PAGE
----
Article: From Saudi Arabia to Ecuador

2019: Women in Business

Reema Bint Bandar al-Saud speaks during the investment conference in Riyadh, October 24, 2018.  REUTERS/Faisal Al Nasser
Despite unprecedented participation by women in the world of business, obstacles remain in emerging markets.

It is a fact that gender, much like race, is a weak predictor of performance in almost any area of importance.

The end of a male-dominated history is, among other things, manifested in the growing involvement of women in business—an area which was traditionally the preserve of men in the West and East alike.

A study carried out by Aston Business School in Birmingham in 2016 found out that the number of women venturing into the world of business had risen by 45% over the three-year period between 2013 and 2016 in the UK, compared with a decade earlier.

The UK is not the only front. The number of businesswomen has spiked over the last decade almost everywhere in the world.

Nevertheless, with the number of female CEOs in charge of A-rated companies hovering at 5-10%, there is still a long way ahead of women to achieve true equality.

What truly matters, however, is that a historical obstacle has been shattered, and so will any remaining glass ceilings.

In a strange twist of fate, the same factor—that is, participation or lack thereof in production and trade—which once pushed women into a secondary status, is now helping them regain their rights.

Although the strong presence of women in the world of business arguably started in the West, it is now becoming the norm everywhere, including in emerging markets.

Indeed, Ecuador seems to have the highest participation of women in entrepreneurial enterprises in the world (31%), according to the Global Entrepreneurship Monitor (GEM).

But, it is still too early to celebrate gender equality in business.

In the Middle East, in particular, women have also been held back by the prevailing tradition of patriarchy, though things have been slightly better for women in places where the mentality of modernization has a stronger foothold, such as Turkey, Azerbaijan, Lebanon—and to a lesser degree—Iran and Egypt.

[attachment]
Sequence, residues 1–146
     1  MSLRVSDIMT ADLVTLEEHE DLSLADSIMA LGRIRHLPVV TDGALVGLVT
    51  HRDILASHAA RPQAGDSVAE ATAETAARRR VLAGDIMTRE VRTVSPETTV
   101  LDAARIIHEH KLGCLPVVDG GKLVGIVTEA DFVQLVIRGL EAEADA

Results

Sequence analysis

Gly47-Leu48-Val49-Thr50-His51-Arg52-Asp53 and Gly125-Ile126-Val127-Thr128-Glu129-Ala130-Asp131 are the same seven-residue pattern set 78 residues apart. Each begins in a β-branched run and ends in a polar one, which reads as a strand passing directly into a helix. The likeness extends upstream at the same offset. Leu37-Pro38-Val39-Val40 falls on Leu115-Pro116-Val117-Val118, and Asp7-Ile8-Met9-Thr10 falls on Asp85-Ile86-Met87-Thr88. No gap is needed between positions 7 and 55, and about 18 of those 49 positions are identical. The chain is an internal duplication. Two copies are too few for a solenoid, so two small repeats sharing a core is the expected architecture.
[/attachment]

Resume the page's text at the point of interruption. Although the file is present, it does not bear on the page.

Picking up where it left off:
The GCC region, too, has seen a great change of attitude toward women's presence in public arenas. To pick a name at random, Noura bint Mohammed Al Kaabi has been serving as the UAE's Minister of Culture and Knowledge Development since 2017 after a successful career in business.

Over her career as a businesswoman, she was dubbed one of “100 most powerful Arab Women" by the Arabian Business magazine and one of “Top 100 Global Thinkers" by Foreign Policy magazine.

Saudi Arabia, one of the most conservative states in the Islamic world, has just appointed Princess Reema bint Bandar Al Saud as the country's first female ambassador.

In an interview with CNN as the new Saudi ambassador to the US, Princess Reema bint Bandar pointed out that her country's reforms to give more freedom to women are, in part, driven by economic considerations, adding “you cannot have 50% of your community not participating."

There is no denying that Princess Reema bint Bandar's appointment and her progressive views are promising signs. Such women of high standing, alas, are only a minority; most women active in the developing world are ordinary women who are trying hard against all odds to stand on their own feet by launching their own small businesses.

In Iran, for instance, women are increasingly using social media platforms such as Instagram to launch their small clothes, handicrafts, and jewelry businesses, using the on-demand manufacture model.

There is nothing wrong with women showing a knack for entrepreneurship or making a living by setting up their own businesses. However, we must also remember that as Jane Kirkpatrick once observed, “society has never barred women from bread-winning roles, but only from economic roles that are profitable and respectable."

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